Written evidence from Neil Carpenter (HAB0007)




My evidence concentrates on the assessment by the DWP of people with a learning disability. Using cases in which I have been involved as an advocate, it places particular emphasis on the contrast between decisions reached by the DWP and those of tribunals.



I work for Cornwall Advocacy as a volunteer advocate for people with a learning disability. The focus of my answers below is therefore on people with a learning disability and their experience of the DWP benefits system. I would, however, be surprised if many of my answers do not also describe the experience of other people on benefits.


It is worth emphasising that people with a learning disability are not a numerically small group in this country. Even if they were, their issues would of course need to be taken seriously; the fact of the matter, however, is that they form a numerically large group. In the UK, according to analysis by Mencap in 2021, there are approximately 1,130,000 adults with a learning disability. Huge numbers of them will have experiences of the benefits system similar to those described below.


All of the answers to specific questions in the Terms of Reference are written in a personal capacity.


Suitability of assessments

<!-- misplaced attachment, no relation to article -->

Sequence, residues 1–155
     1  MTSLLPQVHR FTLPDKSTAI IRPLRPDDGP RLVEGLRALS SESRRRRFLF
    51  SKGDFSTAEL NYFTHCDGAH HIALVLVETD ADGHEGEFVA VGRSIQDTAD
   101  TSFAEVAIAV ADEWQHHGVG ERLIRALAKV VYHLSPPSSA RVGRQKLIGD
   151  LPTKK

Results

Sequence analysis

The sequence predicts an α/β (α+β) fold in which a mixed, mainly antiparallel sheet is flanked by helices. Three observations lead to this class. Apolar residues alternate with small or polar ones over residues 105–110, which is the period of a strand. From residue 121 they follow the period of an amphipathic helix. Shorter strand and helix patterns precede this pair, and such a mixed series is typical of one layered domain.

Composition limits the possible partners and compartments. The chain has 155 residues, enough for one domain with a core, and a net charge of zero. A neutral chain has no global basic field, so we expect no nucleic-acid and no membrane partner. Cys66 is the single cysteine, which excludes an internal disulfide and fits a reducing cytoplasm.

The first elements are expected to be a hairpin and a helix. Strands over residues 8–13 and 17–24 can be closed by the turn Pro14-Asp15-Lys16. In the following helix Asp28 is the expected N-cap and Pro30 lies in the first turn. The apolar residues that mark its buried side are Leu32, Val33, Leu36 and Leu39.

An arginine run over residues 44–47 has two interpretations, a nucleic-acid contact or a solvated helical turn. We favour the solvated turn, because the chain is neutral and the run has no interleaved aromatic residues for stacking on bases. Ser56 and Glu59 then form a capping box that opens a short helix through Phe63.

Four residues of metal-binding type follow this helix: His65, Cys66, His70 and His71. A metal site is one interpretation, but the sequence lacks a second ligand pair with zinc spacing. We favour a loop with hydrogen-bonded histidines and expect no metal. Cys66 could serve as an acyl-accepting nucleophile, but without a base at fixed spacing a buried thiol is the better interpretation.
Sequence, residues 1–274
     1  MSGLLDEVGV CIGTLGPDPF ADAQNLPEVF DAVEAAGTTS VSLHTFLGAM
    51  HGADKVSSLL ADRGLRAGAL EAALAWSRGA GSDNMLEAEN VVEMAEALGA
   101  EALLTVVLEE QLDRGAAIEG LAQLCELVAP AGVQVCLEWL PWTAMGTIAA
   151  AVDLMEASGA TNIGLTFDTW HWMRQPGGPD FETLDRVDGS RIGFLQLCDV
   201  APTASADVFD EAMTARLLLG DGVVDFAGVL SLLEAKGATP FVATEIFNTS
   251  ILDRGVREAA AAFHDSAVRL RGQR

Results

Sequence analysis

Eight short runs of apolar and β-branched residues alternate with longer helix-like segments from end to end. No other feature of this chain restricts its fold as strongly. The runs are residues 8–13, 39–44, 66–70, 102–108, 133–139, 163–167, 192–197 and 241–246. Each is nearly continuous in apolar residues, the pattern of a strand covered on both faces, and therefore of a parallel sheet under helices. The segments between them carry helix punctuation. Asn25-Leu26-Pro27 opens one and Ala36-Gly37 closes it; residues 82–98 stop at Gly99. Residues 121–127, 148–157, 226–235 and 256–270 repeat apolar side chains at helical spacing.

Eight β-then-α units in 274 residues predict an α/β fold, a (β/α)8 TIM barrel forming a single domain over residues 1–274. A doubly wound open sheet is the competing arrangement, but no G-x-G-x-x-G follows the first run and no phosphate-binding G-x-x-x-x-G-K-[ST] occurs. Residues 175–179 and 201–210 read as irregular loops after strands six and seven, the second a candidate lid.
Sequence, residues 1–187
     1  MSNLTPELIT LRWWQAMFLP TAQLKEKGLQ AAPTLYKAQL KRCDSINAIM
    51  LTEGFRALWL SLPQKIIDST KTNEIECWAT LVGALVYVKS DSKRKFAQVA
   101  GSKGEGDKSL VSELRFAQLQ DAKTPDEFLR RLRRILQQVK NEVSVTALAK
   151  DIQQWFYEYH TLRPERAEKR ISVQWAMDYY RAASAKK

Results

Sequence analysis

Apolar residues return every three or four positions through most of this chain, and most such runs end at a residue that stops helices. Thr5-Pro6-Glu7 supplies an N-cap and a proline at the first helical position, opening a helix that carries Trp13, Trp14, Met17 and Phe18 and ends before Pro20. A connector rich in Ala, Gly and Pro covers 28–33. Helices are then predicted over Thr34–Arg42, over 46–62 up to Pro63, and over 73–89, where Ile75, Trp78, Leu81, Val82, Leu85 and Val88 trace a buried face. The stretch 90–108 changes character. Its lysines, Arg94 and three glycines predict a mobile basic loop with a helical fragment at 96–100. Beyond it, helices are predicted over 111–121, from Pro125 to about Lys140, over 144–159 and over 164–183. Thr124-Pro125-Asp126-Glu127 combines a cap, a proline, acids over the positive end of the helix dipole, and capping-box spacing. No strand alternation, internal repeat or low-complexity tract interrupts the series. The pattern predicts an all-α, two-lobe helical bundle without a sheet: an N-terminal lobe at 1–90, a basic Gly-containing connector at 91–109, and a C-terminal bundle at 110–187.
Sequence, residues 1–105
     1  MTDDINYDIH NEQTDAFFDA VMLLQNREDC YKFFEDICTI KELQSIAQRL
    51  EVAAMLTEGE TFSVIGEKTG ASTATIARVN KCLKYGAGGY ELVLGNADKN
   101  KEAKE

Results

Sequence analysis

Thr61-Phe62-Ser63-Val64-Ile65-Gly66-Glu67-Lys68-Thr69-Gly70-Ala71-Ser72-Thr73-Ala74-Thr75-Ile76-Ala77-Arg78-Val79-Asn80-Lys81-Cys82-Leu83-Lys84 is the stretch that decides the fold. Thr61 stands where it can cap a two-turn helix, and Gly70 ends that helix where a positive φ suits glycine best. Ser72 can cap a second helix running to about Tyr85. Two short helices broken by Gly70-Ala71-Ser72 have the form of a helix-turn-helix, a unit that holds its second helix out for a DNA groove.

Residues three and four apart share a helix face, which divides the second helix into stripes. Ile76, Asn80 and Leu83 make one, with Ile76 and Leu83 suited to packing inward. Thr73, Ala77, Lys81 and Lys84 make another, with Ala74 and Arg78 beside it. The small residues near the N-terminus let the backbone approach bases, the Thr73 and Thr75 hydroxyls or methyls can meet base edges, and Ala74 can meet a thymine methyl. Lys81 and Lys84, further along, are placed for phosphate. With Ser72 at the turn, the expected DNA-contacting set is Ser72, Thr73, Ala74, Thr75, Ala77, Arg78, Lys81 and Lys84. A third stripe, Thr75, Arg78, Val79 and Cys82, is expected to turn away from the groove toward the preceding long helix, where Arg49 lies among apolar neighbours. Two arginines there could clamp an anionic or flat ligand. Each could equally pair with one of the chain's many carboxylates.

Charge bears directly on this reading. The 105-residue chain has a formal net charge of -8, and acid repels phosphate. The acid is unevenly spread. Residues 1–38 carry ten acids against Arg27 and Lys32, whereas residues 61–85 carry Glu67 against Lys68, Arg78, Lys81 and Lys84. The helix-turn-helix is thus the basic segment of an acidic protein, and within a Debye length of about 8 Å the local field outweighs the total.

1 How could DWP improve the quality of assessments for health-related benefits?


Before looking at improvements that can be made to the quality of assessments, it is worth spelling out the obstacle course that currently faces someone with a learning disability. The stages the DWP creates are outlined from the point of view of Sarah when she applies to transfer from DLA to PIP.

It is important, though, to remember that many people like Sarah have no back-up from family or a support worker or an advocate. With support, she faces a protracted battle to get a decision in her favour; without it, she has no chance of coming through the process successfully.

Equally important is the fact that someone like her will also usually have major problems in reading and understanding as well as in oral communication, whether it be face-to-face or over the phone.


1 Sarah receives a letter from the DWP, asking her to ring for an application form. The letter may not be understood. If that is the case, the phone call to trigger the sending of the application form will not be made. As a result, she will not receive PIP.


2 If Sarah does initiate the phone call, she will then have to negotiate a number of options before a frequently long wait – over 40 minutes is not unusual - in a queue. The demands on her patience and on her skill in using the phone may mean that she aborts the call. If so, she will not receive PIP.